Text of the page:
The next few days consisted of plenty of field work, but not without spotting some of the (adorable) wildlife on Kangaroo Island…

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…Including my new favorite animal: the echidna. LOOK AT IT.

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As its name suggests, Kangaroo Island is home to mainly kangaroos (shocker I know). What was shocking was how many kangaroos this actually implied. As we drove up and down the island, I counted 6 kangaroos that had ran in front of the car (way worse than any deer you’ll face in upstate New York or when you’re driving out to Montauk). They. Were. Everywhere. And it was absolutely amazing!!!

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The different field sites we visited were also gorgeous in themselves, but coming back to our humble little abode after a long day of field work was always the best feeling. Master chef Izzy (no exaggeration) always prepared delicious dinners for us all and again nights were spent getting to know each other, discussing things as silly as what celebrity crushes we all would marry to social issues shaking all of our countries right now.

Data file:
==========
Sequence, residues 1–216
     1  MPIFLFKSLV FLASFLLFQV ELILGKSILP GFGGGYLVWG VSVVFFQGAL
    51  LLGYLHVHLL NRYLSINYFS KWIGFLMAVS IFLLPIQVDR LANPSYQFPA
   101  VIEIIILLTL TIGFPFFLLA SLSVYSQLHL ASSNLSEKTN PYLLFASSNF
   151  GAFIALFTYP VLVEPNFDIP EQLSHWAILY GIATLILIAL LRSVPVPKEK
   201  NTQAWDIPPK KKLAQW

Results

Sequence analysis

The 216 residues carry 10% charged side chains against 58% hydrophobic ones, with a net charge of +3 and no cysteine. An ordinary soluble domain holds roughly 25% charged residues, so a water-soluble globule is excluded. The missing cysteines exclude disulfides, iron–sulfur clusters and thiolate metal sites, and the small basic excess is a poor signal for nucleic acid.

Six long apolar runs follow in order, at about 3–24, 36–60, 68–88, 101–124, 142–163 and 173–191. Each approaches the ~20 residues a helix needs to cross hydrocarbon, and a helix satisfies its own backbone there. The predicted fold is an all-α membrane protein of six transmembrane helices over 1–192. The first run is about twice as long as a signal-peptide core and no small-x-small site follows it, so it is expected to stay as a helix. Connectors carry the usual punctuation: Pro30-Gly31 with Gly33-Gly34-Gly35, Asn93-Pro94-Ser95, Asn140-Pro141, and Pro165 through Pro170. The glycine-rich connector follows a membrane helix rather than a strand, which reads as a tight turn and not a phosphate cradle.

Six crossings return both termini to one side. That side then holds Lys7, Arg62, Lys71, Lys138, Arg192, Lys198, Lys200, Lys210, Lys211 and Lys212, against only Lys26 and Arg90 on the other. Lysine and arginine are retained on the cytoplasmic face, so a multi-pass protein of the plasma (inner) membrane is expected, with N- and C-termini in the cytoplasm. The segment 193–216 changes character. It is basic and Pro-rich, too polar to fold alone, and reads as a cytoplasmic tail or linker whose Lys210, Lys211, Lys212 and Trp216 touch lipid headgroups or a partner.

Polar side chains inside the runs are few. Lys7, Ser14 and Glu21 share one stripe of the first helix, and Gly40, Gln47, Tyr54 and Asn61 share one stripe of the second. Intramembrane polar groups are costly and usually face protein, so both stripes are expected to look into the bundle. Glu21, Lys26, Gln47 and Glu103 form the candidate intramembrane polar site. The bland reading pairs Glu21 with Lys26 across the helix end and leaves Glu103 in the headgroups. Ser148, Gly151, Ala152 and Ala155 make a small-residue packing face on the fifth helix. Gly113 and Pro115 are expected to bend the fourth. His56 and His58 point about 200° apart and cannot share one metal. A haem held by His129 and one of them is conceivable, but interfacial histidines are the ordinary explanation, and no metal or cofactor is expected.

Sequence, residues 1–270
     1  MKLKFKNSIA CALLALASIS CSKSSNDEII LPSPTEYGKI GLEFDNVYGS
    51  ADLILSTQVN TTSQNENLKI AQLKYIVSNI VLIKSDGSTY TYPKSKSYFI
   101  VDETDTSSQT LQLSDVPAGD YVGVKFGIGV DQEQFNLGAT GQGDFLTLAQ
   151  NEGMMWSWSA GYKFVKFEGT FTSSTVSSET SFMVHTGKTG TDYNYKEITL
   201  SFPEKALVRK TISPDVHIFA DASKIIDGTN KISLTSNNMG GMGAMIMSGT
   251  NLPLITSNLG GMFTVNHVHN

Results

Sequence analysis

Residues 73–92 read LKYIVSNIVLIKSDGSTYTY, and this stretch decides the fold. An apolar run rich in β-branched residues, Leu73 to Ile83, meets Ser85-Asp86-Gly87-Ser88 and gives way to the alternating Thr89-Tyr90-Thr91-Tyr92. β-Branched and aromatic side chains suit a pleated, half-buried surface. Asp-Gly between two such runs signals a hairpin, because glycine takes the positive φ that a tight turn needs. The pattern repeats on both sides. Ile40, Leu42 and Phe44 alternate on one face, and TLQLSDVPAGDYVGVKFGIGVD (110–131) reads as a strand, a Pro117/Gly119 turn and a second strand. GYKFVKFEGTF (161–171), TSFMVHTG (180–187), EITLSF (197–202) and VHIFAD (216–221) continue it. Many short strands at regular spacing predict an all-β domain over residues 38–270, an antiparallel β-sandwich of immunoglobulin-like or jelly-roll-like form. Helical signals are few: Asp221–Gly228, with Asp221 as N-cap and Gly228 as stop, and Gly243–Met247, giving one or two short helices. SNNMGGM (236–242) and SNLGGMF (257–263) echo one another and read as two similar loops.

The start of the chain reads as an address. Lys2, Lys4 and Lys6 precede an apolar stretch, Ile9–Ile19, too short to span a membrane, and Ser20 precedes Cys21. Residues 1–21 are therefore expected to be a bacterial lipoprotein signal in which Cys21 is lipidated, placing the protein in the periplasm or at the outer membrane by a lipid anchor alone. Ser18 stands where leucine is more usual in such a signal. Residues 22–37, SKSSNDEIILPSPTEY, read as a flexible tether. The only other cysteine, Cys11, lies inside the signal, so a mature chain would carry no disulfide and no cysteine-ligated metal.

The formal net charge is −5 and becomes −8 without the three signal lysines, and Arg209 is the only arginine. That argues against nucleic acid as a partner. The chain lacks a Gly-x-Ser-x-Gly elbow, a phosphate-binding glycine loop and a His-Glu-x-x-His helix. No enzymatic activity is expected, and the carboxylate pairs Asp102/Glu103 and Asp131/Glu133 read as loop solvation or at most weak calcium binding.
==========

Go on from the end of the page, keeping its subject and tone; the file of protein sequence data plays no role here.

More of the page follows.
On one of our last nights, we had invited another group from our class, also doing research on the island, to come over during what would be the worst storm to hit South Australia in 50 years. Luckily the house ran on solar power so we were not hit with the huge power outage that South Australia experienced, but we did miss a day of field work. At some point during the night of the storm we had begun to swap ghost stories, some spooky enough to definitely raise the hair on the back of my neck. Of course, after the stories were shared I had to go to the bathroom, conveniently located in a separate shed next to the house. As I tiptoed to the restroom with the stormy wind and rain whipping around me, I shined my phone’s flashlight into the darkness in front of me. I kept telling myself that the scariest thing that could be in the bathroom was a spider and even that wouldn’t be so bad. When I began walking back toward the house, right as I reached the front door I heard a loud thud to my left. I couldn’t see anything, the porch light not reaching very far, but I could hear the thumping on the ground grow louder like footsteps coming toward me. I’d be lying if I said I wasn’t ready to scream and fight some ax murderer when a little kangaroo hopped into the porch light. I learned it’s quite easy to get the spooks when you’re living on an island in the middle of nowhere in the middle of a storm, and believe me I was laughed at quite a bit when I walked back inside, but all in all I had such a great time with some great people. Learning more about Australia while making new friendships was definitely the highlight of Kangaroo Island.